Date Thesis Awarded
Bachelors of Arts (BA)
The pronouns people use, and the pronouns used to address other people are influential in the formation and perception of gender identity. It is generally accepted in the linguistics literature that English pronouns like he and she are a closed class. But this can prevent individuals who do not identify with these binary identities from having pronouns that properly reflect their gender identity. A work-around that is often pursued is to adopt the use of singular they or themself to avoid gender specification. Historically, the use of they with singular, generic antecedents originated in the fourteenth century, and the use of gender-neutral pronouns in present times is important to help prevent misgendering of individuals. However, due to the fact that the frequent morphologically similar pronoun themselves is associated with a plural third person antecedent, there is some pushback to allow its morphological neighbor themself to refer to a singular subject whose gender is either unspecified or a subject that does not identify with the pronouns “he/him” or “she/her.” Recently, themself has increased in use to combat this plurality issue. It is possible that the believed incorrect grammaticality of its use is influenced by a political agenda that does not believe in the validity of non-binary, gender nonconforming, agender, genderfluid, or other identities. This thesis examines whether native speakers of English express inherent biases that may interfere with their general understanding and perception of the grammaticality of themself in reference to a singular, non-binary antecedent. To this end, I first review the current literature on the topic and then present the results of a socio-psycholinguistic experimental study designed to better understand how college-aged native speakers of English from different socio-political groups process and interpret contexts involving singular themself. This research goes beyond traditional work on pronoun usage by combining sociolinguistic approaches with psycholinguistic experimental methods. Overall, the results of this study suggest that the use of a singular nonbinary reflexive can be normalized and easily comprehensible in our grammar, as it is not a grammatical bias that inhibits acceptance but a social bias against the non-binary identity.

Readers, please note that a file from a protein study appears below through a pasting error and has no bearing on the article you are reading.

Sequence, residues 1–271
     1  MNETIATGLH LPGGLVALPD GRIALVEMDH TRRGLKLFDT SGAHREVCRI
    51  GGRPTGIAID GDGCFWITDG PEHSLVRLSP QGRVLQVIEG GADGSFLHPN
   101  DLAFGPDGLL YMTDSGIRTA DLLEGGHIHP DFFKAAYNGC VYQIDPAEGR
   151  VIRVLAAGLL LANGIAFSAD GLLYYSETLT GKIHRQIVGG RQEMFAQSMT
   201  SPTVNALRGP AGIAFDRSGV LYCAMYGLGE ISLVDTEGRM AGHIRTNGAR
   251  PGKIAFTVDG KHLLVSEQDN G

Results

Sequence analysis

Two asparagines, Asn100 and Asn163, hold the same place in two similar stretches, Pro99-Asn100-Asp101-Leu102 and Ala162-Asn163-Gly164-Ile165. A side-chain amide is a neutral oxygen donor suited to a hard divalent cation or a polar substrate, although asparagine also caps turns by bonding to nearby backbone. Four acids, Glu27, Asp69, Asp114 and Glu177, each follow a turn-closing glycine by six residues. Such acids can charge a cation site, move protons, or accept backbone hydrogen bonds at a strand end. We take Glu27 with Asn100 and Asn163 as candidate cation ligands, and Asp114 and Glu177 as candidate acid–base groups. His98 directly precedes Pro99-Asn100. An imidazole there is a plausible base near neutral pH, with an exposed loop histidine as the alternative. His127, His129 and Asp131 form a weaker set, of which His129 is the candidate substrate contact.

Davenport, Cassandra, "The Use of Themself to Refer to a Singular Antecedent" (2020). Undergraduate Honors Theses. Paper 1538.
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